Don't tell me you're going to do something. I don't need to hear it. Just do it. 

I'm not sure why some people feel it a requirement, need the affirmation, have to be noticed or desperately want to be validated by telling you over and over again their intentions through declarations.  I like some things in my life to be kept quiet.  I get all the satisfaction I need from simply doing them, not telling you I am going to them or even that I did them.  My intentions and declarations do not fulfill the need for conquering and completing in my life.  Fulfilling them brings a sense of completion, a sense of satisfaction, a huge win to my conquering spirit.

Sometimes I think the more a person declares, the less likely they are to follow through. Who am I ultimately trying to convince by declaring. There is definitely something to be said for accountability though. You would think that saying, declaring, and intending with all our might what we know we should be doing out loud would create some sort of spoken to the universe promise.  It seems to, in the category of great intenders that is, to do the opposite.  Though they say it boldly, loudly, knowingly and often with great conviction, that is the step they never get past.

Human nature lends itself easily to procrastination - knowing what needs to be done at a certain time but putting it off as long as possible or forever if there is no solid must do end date.  It's a culturally acceptable piece to being undisciplined. 

Don't tell me you're going to start dieting, change your lifestyle of chaos, slow down, eat more vegetables, actually use the gym membership you pay for every month, quit watching so much TV, go to bed earlier, get up earlier, stop drinking diet pop, go to the dentist more often, take vitamins, stop perusing porn, run a marathon, start running, do more sales calls, go to church regularly, quit drinking coffee, drink more water, quit smoking, stop drinking so much beer, spend more time with the family, be more patient, stand up for yourself, let go of the past, forgive that person who caused you great pain, take better care of your body, get your priorities in order, visit your relatives more, finish the half done remodel job started in the bathroom, start saving, get out of debt, write a book, get a song recorded, quit worrying.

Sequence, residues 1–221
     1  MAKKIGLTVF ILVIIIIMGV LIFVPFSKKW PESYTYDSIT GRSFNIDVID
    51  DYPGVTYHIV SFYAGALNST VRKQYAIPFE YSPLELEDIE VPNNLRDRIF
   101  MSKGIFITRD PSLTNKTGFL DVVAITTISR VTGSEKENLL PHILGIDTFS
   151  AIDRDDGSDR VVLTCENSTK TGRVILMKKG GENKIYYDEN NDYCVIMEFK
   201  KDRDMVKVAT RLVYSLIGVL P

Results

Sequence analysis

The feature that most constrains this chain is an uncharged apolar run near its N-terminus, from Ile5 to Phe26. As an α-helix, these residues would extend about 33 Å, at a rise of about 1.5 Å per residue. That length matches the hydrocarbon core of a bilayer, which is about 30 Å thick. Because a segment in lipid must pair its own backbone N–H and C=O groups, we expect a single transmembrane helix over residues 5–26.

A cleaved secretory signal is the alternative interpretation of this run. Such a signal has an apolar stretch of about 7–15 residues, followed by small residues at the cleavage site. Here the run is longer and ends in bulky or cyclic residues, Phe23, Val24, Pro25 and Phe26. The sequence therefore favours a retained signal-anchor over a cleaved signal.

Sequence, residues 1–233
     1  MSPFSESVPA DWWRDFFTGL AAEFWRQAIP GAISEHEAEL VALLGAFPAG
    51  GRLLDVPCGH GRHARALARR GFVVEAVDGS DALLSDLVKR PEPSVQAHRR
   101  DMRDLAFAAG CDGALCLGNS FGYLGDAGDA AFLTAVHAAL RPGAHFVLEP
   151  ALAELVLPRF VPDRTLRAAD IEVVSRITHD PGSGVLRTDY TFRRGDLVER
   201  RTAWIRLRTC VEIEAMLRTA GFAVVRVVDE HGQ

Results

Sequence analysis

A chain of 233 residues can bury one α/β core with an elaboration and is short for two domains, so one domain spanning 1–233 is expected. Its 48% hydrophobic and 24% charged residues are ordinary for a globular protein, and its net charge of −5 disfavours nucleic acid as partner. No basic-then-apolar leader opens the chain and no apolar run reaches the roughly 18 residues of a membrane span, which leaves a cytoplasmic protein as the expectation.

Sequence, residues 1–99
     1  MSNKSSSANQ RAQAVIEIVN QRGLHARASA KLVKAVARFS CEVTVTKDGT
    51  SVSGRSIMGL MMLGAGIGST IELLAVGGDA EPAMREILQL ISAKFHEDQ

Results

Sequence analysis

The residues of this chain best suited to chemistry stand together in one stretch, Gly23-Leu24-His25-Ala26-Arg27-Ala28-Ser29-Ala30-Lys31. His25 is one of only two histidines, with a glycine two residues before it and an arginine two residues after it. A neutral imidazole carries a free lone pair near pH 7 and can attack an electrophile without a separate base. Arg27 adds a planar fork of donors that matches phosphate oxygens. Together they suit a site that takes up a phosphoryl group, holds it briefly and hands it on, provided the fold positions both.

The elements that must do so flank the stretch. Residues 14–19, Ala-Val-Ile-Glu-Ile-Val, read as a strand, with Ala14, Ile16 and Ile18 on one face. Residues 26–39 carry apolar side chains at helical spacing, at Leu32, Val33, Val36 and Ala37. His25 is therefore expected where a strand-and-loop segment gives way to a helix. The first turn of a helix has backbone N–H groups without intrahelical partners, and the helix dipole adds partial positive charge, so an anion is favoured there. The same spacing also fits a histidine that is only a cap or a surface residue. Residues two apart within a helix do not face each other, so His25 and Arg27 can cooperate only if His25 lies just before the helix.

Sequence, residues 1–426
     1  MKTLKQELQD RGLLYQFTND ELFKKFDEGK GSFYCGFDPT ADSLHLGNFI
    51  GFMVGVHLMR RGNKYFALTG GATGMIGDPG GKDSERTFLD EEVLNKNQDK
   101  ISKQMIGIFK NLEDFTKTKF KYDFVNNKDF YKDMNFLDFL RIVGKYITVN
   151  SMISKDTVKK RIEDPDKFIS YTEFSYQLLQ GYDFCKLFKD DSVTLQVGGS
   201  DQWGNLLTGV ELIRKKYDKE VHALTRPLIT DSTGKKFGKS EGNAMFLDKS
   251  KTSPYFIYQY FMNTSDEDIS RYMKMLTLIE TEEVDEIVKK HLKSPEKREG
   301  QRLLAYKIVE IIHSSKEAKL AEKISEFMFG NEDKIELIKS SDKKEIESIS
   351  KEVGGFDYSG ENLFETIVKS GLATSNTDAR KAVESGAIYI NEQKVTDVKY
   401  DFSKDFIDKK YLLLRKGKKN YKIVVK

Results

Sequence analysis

How much time do we spend declaring and not doing?  How much energy do we redirect just to procrastinate doing the things we know we should do, really want to do but seem a bit hard or just out of reach or need to stop doing?

Maybe it's my realist, minimalistic, think anything can be done ways, but those intenders, declarers and informers of every last thing they want or are doing wear me out.  I don't want to hold your hand to prod you, encourage you, convince you, coax your or affirm your every step in life.  Great intentions stand still. 

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